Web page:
Load-shedding disaster for local businesses
Lowveld Media, however, spends on average between R14 000 and R15 000 on diesel every day to run the generator during load-shedding. The company spends R1 750 an hour on diesel, a massive cost in the face of the economic climate.
MBOMBELA - Businesses large and small across the Lowveld are suffering greatly due to the recent onslaught of blackouts across the country.
Not only is load-shedding disastrous for businesses, it also affects water supplies and traffic on major intersections, and poses a massive security risk to companies, including farmers and entrepreneurs in rural areas.
This is according to the Kruger Lowveld Chamber of Business and Tourism’s (KLCBT) Linda Grimbeek.
She said when the electricity is down, this can affect security systems as well as the flow of water into water pipes and reservoirs, thereby disrupting supply to some areas and causing security alerts to not work properly.
“It has been very difficult for people. Especially when stage 6 is implemented, businesses are guaranteed to be off for at least half of the work day, and that is not taking into account doing business with other companies who are on different electricity grids.
“It is almost the same as being completely shut down,” she said.
The owner of the local restaurant Feast, Michelle Erasmus, said the effects of load-shedding on her business had been bittersweet.
“Increasingly, clients use our restaurant as a co-working space during load-shedding. Load-shedding is destructive for businesses. We spend a substantial amount on diesel for the generator. In this environment it would be easier to just have a informal grill under the tree,” she said.
Dalene Willemse, the owner of Bazaruto, said load-shedding had been a disaster for her eatery.
“We are losing business. We have a generator that operates off batteries, but they don’t last for four hours,” she said. “It costs us more to run a generator the whole day than to close.
“It is affecting staff as well. They don’t get paid if we have to close, and if this loadshedding continues as it is, we might have to close.”
She said the restaurant employs 24 people.
Curry Crush’s Shaitesh Patel said the restaurant does not use a generator. “It is a big problem for us. I think Eskom needs to relook at the times they implement loadshedding.”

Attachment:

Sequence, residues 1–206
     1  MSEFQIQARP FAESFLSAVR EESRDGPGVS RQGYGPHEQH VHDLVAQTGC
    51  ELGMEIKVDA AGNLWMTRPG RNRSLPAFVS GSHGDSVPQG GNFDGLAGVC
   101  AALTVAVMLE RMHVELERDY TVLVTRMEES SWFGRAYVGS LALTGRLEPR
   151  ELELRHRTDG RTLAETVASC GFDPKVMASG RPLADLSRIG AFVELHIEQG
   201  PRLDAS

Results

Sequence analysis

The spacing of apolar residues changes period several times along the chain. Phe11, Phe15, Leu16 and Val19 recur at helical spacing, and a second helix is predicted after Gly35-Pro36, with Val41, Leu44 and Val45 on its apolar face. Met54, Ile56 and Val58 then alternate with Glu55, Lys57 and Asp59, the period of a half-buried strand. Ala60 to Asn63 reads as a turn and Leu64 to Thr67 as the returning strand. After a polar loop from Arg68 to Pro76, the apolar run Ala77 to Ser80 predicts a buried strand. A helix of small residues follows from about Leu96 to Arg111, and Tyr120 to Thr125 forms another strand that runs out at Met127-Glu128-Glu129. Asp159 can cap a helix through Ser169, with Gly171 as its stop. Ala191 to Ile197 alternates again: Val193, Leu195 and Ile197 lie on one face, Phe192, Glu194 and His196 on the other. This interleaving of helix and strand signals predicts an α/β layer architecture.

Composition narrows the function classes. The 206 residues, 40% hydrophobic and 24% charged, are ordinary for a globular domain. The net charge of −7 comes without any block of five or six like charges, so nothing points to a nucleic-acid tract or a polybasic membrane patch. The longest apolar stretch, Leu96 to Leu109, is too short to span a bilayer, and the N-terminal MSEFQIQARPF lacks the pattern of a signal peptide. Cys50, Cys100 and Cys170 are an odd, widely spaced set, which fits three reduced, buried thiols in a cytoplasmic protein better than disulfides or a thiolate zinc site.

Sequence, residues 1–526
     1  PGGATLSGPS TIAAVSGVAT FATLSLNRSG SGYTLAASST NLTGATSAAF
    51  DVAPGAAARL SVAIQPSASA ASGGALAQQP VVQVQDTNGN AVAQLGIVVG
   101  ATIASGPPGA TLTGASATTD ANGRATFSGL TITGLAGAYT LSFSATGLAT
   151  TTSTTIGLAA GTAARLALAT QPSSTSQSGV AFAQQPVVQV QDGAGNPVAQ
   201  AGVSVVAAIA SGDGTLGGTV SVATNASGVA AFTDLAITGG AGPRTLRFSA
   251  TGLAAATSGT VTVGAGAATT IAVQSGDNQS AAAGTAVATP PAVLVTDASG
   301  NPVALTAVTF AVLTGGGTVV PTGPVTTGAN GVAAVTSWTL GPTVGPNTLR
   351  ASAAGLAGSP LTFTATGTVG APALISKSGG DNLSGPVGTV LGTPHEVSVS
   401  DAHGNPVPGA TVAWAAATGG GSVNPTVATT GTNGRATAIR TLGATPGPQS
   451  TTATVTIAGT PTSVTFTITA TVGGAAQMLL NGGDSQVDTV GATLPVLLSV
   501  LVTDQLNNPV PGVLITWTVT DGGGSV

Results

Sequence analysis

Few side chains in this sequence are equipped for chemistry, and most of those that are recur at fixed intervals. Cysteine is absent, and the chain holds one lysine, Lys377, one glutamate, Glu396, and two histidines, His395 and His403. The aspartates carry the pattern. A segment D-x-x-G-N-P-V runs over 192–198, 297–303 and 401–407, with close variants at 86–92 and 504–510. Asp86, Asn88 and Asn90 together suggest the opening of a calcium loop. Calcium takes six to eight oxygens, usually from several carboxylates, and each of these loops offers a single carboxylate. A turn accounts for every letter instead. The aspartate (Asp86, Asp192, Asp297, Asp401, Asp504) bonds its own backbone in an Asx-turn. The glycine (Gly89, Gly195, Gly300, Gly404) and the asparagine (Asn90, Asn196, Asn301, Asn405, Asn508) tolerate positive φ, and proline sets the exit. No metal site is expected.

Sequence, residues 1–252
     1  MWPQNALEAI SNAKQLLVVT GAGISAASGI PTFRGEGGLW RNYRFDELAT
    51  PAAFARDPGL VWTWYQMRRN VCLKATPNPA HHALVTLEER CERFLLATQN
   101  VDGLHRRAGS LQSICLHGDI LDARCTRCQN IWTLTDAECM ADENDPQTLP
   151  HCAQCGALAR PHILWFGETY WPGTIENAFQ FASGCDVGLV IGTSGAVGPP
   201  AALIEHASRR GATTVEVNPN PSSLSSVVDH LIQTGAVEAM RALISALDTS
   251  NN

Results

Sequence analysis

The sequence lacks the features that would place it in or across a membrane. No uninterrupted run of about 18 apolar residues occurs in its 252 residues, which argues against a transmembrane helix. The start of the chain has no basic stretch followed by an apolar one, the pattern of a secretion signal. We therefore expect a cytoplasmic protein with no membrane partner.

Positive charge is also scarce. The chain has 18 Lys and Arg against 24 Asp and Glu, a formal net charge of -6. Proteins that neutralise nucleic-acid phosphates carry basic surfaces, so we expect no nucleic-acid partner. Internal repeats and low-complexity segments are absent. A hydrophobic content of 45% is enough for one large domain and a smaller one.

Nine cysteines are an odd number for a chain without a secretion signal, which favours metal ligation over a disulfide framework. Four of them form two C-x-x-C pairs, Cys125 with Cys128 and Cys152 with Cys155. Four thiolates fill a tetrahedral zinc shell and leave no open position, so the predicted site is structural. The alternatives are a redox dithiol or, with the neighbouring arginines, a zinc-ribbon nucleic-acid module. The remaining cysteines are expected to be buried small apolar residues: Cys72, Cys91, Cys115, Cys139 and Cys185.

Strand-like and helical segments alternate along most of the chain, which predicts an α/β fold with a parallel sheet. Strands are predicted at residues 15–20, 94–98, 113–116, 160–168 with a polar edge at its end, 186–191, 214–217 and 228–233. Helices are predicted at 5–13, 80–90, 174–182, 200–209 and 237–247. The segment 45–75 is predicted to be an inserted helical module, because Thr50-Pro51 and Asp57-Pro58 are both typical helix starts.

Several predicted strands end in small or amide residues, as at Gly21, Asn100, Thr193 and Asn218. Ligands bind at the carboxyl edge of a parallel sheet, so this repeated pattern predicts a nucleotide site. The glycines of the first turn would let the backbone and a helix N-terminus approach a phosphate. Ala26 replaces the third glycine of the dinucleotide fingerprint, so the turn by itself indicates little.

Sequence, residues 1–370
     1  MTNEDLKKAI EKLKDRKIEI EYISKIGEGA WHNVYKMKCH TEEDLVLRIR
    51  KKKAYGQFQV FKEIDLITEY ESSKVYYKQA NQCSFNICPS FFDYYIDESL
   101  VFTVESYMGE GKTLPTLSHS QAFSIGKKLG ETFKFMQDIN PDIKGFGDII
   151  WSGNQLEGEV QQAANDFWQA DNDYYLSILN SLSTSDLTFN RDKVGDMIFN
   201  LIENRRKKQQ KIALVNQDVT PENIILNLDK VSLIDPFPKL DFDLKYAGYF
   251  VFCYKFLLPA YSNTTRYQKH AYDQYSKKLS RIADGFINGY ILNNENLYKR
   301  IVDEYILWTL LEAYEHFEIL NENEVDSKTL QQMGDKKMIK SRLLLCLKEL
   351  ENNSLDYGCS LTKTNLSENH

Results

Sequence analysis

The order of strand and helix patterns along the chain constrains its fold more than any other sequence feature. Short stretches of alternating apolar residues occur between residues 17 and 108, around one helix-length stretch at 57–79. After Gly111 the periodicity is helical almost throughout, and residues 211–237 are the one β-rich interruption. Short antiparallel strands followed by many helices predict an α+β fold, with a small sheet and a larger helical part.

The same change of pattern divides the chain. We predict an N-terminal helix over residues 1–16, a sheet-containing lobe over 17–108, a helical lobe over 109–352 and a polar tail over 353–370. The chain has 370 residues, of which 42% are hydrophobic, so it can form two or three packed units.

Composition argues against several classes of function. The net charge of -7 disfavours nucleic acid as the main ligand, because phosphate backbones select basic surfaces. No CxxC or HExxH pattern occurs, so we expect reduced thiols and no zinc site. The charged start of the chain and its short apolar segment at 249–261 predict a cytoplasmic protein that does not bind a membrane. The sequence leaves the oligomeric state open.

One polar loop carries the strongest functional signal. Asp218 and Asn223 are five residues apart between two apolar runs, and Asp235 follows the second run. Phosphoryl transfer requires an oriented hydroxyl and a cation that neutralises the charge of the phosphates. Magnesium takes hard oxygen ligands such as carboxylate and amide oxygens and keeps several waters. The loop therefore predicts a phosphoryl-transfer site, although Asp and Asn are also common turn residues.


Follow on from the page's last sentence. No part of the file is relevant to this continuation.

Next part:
He said the restaurant employs seven people.
Hamid Chafai of the Moroccan Barber at the Courtside Centre said it spends around R400 on fuel for the generator each day. “The load-shedding is very bad and really affecting the business,” he said. “We are losing between 30% to 40% of our income because of this. The generator does help but it is expensive.”
Meanwhile, at the Nelacres Shopping Centre, Bondipix’s Desmond Drennen said the schedule was affecting production and delivery of items.
“We have generators and inverters, but they do not produce enough power for manufacturing. There are 45 people operating the machines in the factory, but because of the load-shedding, only eight can work right now,” he said.
“It is really killing us. We are having to fill up 25 litres every second day. It is a complete disaster. We are helping to supply some of the stores around us with power like the barbershop next door, because we know how tough things are without electricity.”
Nelacres Laundry’s Ntsiki Ngwenya said they do not have a generator and are having to work an extra hour and a half to finish clients’ laundry in time.
And while smaller businesses are suffering, bigger companies such as i’langa Mall and even Lowveld Media are also finding the situation difficult. i’langa Mall’s Henri Gouws said amid all the challenges, the mall's team is on the highest alert to maintain its optimal performance.
“Over 70% of the mall’s stores are open during load-shedding, including anchor stores, all restaurants, pharmacies, SterKinekor and The Ice Rink,” he said.
Some businesses and centres, however, are unaffected by load-shedding.
For instance, Crossing Shopping Centre’s power is fed by the same line as the power to Rob Ferreira Hospital, and therefore it is not affected by load-shedding. The same can be said for Hoërskool Nelspruit.
However, KLCBT’s Grimbeek said there are some solutions to certain issues coming to the fore, particularly the rolling out of a projects called “adopt a traffic light”.
“The KLCBT was approached by the
City of Mbombela to see if businesses at the major intersections would be willing to connect the traffic lights to the generators. The City will do the installations. The traffic lights really do not take a lot of power, so at least there won’t be major backlogs in traffic, and emergency services and the police can get through intersections and get to where they need to be,” she said.
With Covid, there was a Covid relief fund, with which people who were affected with income were helped to buy food. Why can't there be a load-shedding relief fund with which they help small businesses during load-shedding to make up for loss of income, or better yet, to take that R500b that was given as the Covid relief fund and repair the electrical infrastructure?
I don't think you really want to know people's honest opinion about Eskom/ load-shedding. This country is slowly on its way to being worse off than Zimbabwe.
If you wanted to emigrate to another country, it's not too late. Businesses are already suffering as it is, and small to medium enterprises will not make it if it carries on like this.
The average class people like myself simply rely on the small convenient stores for a quick bread and milk. I guess we should be asking ourselves how we can help Eskom?
What can our generation do to prevent load-shedding from happening? Maar in plain Afrikaans, ons (die mense) is gatvol vir load-shedding.